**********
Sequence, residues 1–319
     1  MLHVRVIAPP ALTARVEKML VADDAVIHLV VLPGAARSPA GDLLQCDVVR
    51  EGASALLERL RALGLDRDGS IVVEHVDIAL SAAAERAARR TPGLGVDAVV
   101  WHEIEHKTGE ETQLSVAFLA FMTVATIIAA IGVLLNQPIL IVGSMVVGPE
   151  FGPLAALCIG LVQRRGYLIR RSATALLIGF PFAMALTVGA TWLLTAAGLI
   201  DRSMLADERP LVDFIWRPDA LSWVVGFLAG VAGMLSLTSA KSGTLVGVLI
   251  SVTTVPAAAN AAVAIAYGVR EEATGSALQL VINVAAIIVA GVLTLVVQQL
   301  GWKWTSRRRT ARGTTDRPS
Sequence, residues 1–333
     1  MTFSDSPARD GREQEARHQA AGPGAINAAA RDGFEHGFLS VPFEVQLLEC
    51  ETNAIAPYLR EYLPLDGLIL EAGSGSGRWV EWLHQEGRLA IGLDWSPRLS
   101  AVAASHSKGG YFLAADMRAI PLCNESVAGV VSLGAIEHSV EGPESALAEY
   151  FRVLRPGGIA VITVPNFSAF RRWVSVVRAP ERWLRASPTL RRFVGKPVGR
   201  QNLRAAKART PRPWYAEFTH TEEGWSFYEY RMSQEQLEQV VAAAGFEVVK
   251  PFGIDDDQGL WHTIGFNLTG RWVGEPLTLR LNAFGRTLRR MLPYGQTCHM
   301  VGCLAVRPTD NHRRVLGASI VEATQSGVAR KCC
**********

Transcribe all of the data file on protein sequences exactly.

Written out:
Sequence, residues 1–319
     1  MLHVRVIAPP ALTARVEKML VADDAVIHLV VLPGAARSPA GDLLQCDVVR
    51  EGASALLERL RALGLDRDGS IVVEHVDIAL SAAAERAARR TPGLGVDAVV
   101  WHEIEHKTGE ETQLSVAFLA FMTVATIIAA IGVLLNQPIL IVGSMVVGPE
   151  FGPLAALCIG LVQRRGYLIR RSATALLIGF PFAMALTVGA TWLLTAAGLI
   201  DRSMLADERP LVDFIWRPDA LSWVVGFLAG VAGMLSLTSA KSGTLVGVLI
   251  SVTTVPAAAN AAVAIAYGVR EEATGSALQL VINVAAIIVA GVLTLVVQQL
   301  GWKWTSRRRT ARGTTDRPS
Sequence, residues 1–333
     1  MTFSDSPARD GREQEARHQA AGPGAINAAA RDGFEHGFLS VPFEVQLLEC
    51  ETNAIAPYLR EYLPLDGLIL EAGSGSGRWV EWLHQEGRLA IGLDWSPRLS
   101  AVAASHSKGG YFLAADMRAI PLCNESVAGV VSLGAIEHSV EGPESALAEY
   151  FRVLRPGGIA VITVPNFSAF RRWVSVVRAP ERWLRASPTL RRFVGKPVGR
   201  QNLRAAKART PRPWYAEFTH TEEGWSFYEY RMSQEQLEQV VAAAGFEVVK
   251  PFGIDDDQGL WHTIGFNLTG RWVGEPLTLR LNAFGRTLRR MLPYGQTCHM
   301  VGCLAVRPTD NHRRVLGASI VEATQSGVAR KCC